The battle against bullying: 9-8-14
When religion fails to lead: 9-10-14

When faith leaders get too serious: 9-9-14

In recent weeks, a Bible study group I help to lead looked at the two (yes, there are two) creation stories in the book of Genesis to see how they fit together (not very well) and what we might make of them.

Not-the-bibleIt was a serious look at a serious topic, but that didn't stop me from bringing along a copy of a fun little book several decades old: Not the Bible, by Sean Kelly and Tony Hendra. It does a delicious bit of satire on the first and second chapters of Genesis.

An example:

In the beginning God created Dates.

And the date was Monday, July 4, 4004 B.C.

It's an obvious joke about James Ussher, the 17th Century archbishop of Ireland who used genealogies in the Bible to decide that the world was created in 4004 B.C., though Ussher's actual date of creation was Oct. 23, not July 4.

At any rate, there was a bit of space in our creation studies to have some fun at the expense of the fundamentalists who take Genesis literally.

I wish the Roman Catholic Church in Venezuela were exhibiting that kind of acceptance of altered religious scripts.

Instead, it has condemned some followers of the late leader Hugo Chavez for reciting praise of Chavez done in the form of the Lord's Prayer.

As you can read in this piece about it, it begins, "Our Chavez, who are in heaven, the earth, the sea and in us delegates. . ."

Well, it's a silly little ditty about a man who was wrong about a lot in life. But for the church to get all bent out of shape about it strikes me as equally silly. A church communique said this: "Just as no one would be allowed to change the words of the national anthem to honor a person, so too is it illicit to change the 'Lord's Prayer'." Oh, come on. The American national anthem was, in its original use, a song in praises of wine. And sillier versions of it have begun, "José, can you see any bed bugs on me. . ."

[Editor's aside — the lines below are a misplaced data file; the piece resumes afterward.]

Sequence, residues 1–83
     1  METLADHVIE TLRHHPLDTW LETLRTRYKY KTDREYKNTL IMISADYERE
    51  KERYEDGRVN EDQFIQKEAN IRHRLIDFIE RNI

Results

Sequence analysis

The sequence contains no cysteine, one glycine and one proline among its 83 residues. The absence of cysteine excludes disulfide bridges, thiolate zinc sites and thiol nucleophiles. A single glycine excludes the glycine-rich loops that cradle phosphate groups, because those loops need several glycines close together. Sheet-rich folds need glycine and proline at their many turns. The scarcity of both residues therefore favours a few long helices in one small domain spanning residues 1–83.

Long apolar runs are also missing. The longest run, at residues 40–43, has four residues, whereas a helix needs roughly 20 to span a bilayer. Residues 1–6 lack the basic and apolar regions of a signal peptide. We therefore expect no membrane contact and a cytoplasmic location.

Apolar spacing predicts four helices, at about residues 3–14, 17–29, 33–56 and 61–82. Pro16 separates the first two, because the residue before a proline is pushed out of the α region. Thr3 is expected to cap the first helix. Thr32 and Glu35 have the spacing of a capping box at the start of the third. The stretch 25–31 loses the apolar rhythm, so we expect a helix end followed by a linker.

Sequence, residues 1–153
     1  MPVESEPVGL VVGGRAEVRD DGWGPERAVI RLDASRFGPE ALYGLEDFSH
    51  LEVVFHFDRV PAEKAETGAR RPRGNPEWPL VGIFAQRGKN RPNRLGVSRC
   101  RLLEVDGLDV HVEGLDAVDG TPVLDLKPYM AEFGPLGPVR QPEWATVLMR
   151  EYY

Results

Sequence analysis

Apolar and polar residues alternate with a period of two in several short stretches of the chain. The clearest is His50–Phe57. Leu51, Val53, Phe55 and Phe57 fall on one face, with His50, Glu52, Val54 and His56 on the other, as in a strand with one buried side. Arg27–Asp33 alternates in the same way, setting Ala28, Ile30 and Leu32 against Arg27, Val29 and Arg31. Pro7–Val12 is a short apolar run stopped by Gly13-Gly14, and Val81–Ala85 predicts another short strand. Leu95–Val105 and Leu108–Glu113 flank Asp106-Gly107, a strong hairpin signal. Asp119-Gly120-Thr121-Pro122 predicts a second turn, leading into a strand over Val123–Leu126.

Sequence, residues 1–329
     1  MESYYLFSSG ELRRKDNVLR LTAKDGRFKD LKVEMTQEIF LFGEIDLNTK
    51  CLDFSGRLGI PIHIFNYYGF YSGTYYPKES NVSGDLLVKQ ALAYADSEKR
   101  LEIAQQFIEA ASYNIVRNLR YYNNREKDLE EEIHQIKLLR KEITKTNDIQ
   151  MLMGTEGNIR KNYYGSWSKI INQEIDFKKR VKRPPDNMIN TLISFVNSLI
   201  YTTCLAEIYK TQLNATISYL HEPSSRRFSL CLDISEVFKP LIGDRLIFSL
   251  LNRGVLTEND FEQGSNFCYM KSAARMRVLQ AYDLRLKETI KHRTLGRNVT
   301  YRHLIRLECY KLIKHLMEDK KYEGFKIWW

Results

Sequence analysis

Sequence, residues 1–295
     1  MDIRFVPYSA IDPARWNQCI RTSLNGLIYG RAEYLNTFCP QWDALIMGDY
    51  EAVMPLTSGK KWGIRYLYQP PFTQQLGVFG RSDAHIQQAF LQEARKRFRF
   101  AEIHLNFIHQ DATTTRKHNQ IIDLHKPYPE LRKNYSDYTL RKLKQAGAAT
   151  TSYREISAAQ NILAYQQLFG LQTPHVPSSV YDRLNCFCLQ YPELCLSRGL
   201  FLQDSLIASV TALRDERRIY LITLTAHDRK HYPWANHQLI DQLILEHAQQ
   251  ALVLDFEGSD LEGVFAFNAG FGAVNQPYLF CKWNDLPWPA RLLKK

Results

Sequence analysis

What American patriot would resort to the rocket's red glare against purveyors of such trivia?

Relax, church. When folks make a bit of fun of you, it means they take you seriously and are paying attention. Usually.

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A group of families of 9/11 victims is launching an anti-Islamophobia campaign. Good. It's the right thing to do. (Disclosure: One of my sisters and her husband, whose son was a passenger on the first plane to hit the World Trade Center on 9/11, are members of the group sponsoring this, September 11th Families for Peaceful Tomorrows.)

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The Bible Tells Me So: Why Defending Scripture Has Made Us Unable to Read It, by Peter Enns. This is one more good tool for people who take the Bible seriously, which means they don't take all of it literally. It's written in a light-hearted style that sometimes strikes just the right key and sometimes tries too hard. But the author, who teaches biblical studies at Eastern University, is right in terms of Christian theology when he says that the Bible is "nonnegotiable as God's word, but it wasn't God's final word. Jesus was." This book is in harmony with such recent works as Razing Hell, by Sharon L. Baker, Love Wins, by Rob Bell, and Making Sense of the Bible, by Adam Hamilton. But if you have time to read only one, I recommend Hamilton's book. The Enns book, however, may be more your style if you want an approach that sometimes will make you laugh as it enlightens you.

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P.S.: If you don't yet own my new book, Woodstock: A Story of Middle Americans, e-mail me at and I'll tell you how to get an autographed copy. The e-version of the book is almost free here at


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